At the time, Matthew Harrison and his associates loved online games, except that dial-up internet didn’t cut mustard. So, using fireworks from the roof (to see the line of sight) and a little “know-how”, Harrison succeeded in connecting everyone in his inner circle wirelessly for a better gaming experience. Did. Then the neighbor came to knock.
But they didn’t come to complain, they actually asked him to connect them too. Around 2005, there were no wireless internet providers in the rural areas of Taranaki. The only option was copper or satellite. These were expensive and not always reliable.
So, from there, what started as a hobby for former computer engineers and workers at power line companies began snowballing. And in 2008, after a push from another local business owner and investor, Harrison quit his day-to-day work and first jumped into the business full-time.
Originally known as Primo Wireless, it has become even more diversified with significant growth over the last five years. Therefore, the name was simply changed to “”.Primo‘. Harrison currently has a team of 24 people, and sometimes he still can’t believe how far he has come.
“I dreamed of driving as usual and seeing the antennas of people’s homes. Now I can’t go down the Taranaki country road without seeing it next to the Skydish. increase.”
And Harrison found his most loyal customer in the backstreets of Taranaki. The big guys are “forgotten” when it comes to the internet, but they are the ones who needed the internet the most, not only to stay connected with friends and family, but also to run local businesses.
“Especially nowadays, there are a lot of people using the internet. At first, I remember they thought it was great to be able to check the weather at any time of the day, but of course today, much of agriculture is technology. And related to the connection.
“Agriculture is a big company and if many systems are automated, we need to be able to rely on the fast, secure and reliable wireless internet. What we are doing is giving people” Netflix “. Not only does it give you the ability to watch, it actually contributes to the economic value of Taranaki. “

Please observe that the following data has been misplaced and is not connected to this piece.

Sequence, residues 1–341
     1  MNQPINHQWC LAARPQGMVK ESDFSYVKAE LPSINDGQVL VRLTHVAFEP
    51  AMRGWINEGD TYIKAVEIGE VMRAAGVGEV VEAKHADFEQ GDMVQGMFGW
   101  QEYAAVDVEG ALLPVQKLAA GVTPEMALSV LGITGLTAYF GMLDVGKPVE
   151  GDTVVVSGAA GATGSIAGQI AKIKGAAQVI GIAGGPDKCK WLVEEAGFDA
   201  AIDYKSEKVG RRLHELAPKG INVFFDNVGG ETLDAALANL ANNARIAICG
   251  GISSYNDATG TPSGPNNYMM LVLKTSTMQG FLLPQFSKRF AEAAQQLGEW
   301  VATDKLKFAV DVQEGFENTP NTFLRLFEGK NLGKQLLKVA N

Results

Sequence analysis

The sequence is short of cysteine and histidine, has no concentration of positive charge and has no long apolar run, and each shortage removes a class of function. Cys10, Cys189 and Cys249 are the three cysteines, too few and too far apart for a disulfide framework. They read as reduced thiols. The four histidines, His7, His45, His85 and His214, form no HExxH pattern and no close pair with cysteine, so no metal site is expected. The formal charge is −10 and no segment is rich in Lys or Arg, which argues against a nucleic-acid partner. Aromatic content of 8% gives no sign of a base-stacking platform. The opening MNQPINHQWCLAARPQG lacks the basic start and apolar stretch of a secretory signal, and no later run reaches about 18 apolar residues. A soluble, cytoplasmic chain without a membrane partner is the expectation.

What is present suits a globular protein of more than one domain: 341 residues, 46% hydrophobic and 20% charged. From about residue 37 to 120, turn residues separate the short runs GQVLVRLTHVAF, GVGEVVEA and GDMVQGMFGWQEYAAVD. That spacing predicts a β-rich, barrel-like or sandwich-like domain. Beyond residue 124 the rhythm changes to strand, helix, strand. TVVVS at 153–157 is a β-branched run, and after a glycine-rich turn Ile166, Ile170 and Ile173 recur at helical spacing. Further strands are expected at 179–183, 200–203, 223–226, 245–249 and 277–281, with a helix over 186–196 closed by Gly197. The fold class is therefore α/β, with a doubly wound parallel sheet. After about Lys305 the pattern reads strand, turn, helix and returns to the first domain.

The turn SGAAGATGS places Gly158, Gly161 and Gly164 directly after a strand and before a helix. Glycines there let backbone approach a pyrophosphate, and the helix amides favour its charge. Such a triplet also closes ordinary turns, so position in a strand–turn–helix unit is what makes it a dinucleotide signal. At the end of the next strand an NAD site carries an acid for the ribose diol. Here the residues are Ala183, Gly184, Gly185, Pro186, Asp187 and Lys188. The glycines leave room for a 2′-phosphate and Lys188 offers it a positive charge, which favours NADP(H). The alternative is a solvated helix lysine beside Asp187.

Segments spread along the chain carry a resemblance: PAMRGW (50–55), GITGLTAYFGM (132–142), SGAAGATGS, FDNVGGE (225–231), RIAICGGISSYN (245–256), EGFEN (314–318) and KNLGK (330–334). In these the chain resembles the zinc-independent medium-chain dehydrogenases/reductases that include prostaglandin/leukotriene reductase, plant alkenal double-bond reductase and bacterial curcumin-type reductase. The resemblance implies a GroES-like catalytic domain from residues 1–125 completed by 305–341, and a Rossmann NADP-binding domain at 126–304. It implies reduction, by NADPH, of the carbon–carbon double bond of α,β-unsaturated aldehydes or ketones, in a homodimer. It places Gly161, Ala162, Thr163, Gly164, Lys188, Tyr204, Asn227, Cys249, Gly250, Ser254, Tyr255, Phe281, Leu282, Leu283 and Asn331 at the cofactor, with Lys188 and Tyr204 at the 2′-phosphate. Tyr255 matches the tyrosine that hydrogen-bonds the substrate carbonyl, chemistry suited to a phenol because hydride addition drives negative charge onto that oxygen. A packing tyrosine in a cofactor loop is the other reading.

As Primo is a well-established business, it has also attracted the attention of some very large companies in the region. From helping maintain connectivity in the oil and gas industry to setting up fairly high-end gear, Harrison says being local is essential to their success.
“Because we are here, we can hear what they want to achieve and get there with them.
“We also invested a lot in infrastructure and built a tower right around the mountain to create full coverage. It took us about 15 years to get there, but now it’s very fulfilling. We can provide services that domestic players cannot. “
We have also expanded our service offerings by providing services to businesses and homes nationwide using fiber / DSL broadband networks throughout New Zealand. This includes the latest UltraFast fibers. While Taranaki is the beginning of everything, Harrison knows that the value of Primo lies in the possession and operation of Kiwi. This is something that all New Zealanders can benefit from.
“We are now a full-fledged telecommunications company. About a quarter of our customers use cable TV and can take care of them anywhere in New Zealand. The help desk is in Kiwi. Being customer-only, it benefits everyone in doing things right. “
But the journey to run a successful business was not without a fair share of potholes along the way. Initially, the financial aspects of things were always very stressful and care was taken in managing cash flow. Harrison admits that he has tried some things that didn’t work. He also struggled to get proper support from the bank. They couldn’t understand that the assets of the business were really his customers, not the equipment or technology.
But today, with about 4,500 customers across the Taranaki region, banks are very pleased with that number. And Harrison is also very happy with his customers. He supports his community in more ways you can count with both hands.
“If the Taranaki people weren’t behind us, we wouldn’t be in place today, so giving back is a big part of what Primo does. Including the wifi hotspots in the provincial halls. Over 100 sports and non-profit organizations offer free services to sponsor the harbor penguin cameras so that people can see eggs and chicks during nesting hours.
“It costs more than $ 10,000 a month, and I’m happy to do that. After all, hospice can run charity shops and care facilities at no additional cost, and hospitals have patients. It means that you can be able to stay connected with your family. “
For the confessed “dropping out of high school,” things don’t seem to be that bad. But Harrison says there’s still a lot to be achieved with a focus on helping Taranaki’s business grow.
And whether it helps to monitor the 8,000 pest traps in the local council so that you don’t have to walk in line manually, and whether it helps to set up water tank sensors to monitor levels. Regardless, Harrison always reaches out to work. It’s a person like him.
A story created in partnership with venture Taranaki.
Innovation nation A series celebrating the story of innovation and entrepreneurship across New Zealand.
Keep Taranaki Connected to Primo Broadband and Wireless Internet – NZ Entrepreneur Magazine
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